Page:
The language that my grandparents spoke did make it down to my parents – sort of. My mother’s family only spoke Slovak and lived in a Slovak-Hungarian neighborhood in Cleveland where the use of English was not required. St. Benedict’s Church had Mass in Slovak and my mother attended Slovak school in the parish.
My father being the eldest child, learned what he did by communicating with his parents. However, for the most part his parents, like so many immigrants wanted the children to be American in every way including the language, so none of his siblings learned much of it, except my youngest aunt who traveled by ship with her parents back to visit the family left in Slovakia when she was a young child.
My parents did not teach my sister and me the language, but used it between themselves to discuss things they did not wish to share with us. We traveled to Slovakia as a family group with the four of us and our two grandmothers in 1959 and my father sent my sister and I again, in 1968. On that trip my sister left all the talking and translating to me. Since English is known in part at least, all over the world, we used slang to mask anything we did not wish to share. I bought a Slovak dictionary on Wenceslas Square in Prague and when people talked, I could get the gist of what they were saying, but to respond, I often put one finger up, saying “moment, moment!” and paged through the dictionary hoping not to be too off course.
When I was twenty, upon the suggestion of my father and the help of The Nationalities Editor at the Cleveland Press for 46 years, Theodore Andrica, I found The General Stefanik Dramatic Society meeting in an old Sokol (gymnastics) hall on the west side of Cleveland and I joined the group where I enjoyed learning the songs and dances of my heritage. We performed at assorted church functions and even at the International Folk Festival in the big “Public Hall” downtown a couple of years running.
In a memoir class here in the writing festival the book Speak Memory by Nabakov was recommended and I ploughed through all of this Russian master’s lineage which was very tedious and his butterfly collection data equally not interesting to me, but what I did find was a wealth of words, many in Russian which were similar to if not exactly the same as Slovak words, like, voda – water in both languages.
He also used a word for gypsy began with tsi – when I sounded the word out and remembered the Slovak word, ciganka, I understood the Russian word.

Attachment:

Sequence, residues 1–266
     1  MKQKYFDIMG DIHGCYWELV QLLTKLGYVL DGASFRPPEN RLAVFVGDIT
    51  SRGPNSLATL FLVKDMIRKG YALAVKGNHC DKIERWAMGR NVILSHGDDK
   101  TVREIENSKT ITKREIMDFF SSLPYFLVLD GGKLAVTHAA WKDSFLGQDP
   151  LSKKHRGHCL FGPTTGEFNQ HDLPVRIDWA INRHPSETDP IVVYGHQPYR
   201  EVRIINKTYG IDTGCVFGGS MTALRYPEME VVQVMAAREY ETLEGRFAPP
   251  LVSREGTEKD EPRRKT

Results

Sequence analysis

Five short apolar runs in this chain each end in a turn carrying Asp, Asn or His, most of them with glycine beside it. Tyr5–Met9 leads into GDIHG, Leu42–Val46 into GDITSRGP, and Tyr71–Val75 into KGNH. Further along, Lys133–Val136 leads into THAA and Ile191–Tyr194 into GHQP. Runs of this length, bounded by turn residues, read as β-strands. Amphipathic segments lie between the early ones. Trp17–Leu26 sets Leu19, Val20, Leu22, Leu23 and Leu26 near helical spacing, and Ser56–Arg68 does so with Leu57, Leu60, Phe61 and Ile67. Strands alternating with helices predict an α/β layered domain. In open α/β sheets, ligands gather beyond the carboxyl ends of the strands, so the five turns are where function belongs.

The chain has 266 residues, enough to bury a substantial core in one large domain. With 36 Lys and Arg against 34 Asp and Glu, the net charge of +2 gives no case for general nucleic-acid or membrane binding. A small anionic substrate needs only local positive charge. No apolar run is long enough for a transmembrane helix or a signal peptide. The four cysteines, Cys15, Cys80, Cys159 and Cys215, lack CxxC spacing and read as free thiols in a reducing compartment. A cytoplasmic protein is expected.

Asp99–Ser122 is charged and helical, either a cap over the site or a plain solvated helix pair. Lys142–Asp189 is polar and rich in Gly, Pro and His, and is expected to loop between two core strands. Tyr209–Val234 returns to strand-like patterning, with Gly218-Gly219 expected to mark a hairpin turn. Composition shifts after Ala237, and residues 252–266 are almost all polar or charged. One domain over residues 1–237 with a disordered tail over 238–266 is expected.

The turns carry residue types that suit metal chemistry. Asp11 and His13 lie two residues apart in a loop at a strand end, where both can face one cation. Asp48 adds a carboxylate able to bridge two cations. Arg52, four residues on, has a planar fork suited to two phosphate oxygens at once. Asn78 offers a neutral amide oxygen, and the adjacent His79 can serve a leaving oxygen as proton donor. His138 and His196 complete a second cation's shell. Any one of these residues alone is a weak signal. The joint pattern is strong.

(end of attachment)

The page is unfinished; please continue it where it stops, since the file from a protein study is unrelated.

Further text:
When my children and I moved back to Cleveland and attended a local Slovak festival, I was quite disappointed in how poor the quality of the costumes was and how little they resembled the real thing. I took us back home and dressed Mika in my costume and we went back to the festival where the costume immediately drew attention and admiration, particularly from the grannies in the group who all wanted to know the county in Slovakia that the costume was from. Luckily I remembered: Nitra.
The year my son turned twelve, my father took him to Slovakia. I imagine that the trip was life changing for him, as it would likely be for any child. When he came home he said, “MOM! I didn’t know zuby was a Slovak word!” From early childhood I incorporated a few Slovak words without thinking about their origin, into my daily vocabulary saying things like “Brush those zubies!” all the time.
While he was playing with some youngsters in the river in my grandmother’s village of Drahovce, another of those words, chudatko, which means, “you poor thing” often my family used it tongue in cheek, came up after he dunked a girl. She was furious. He responded to her disdain saying chudatko! The children who knew he was American and did not speak the language were greatly amused. He didn’t say if the girl laughed too, or not.
Now that the generation before me is mostly gone, the polka music rarely heard, the language no longer in regular use, though I hear strains of it as I go through grocery stores now and then, and the old Slovak and Hungarian neighborhood forever changed, I find I really miss hearing the sounds so ever present in my childhood.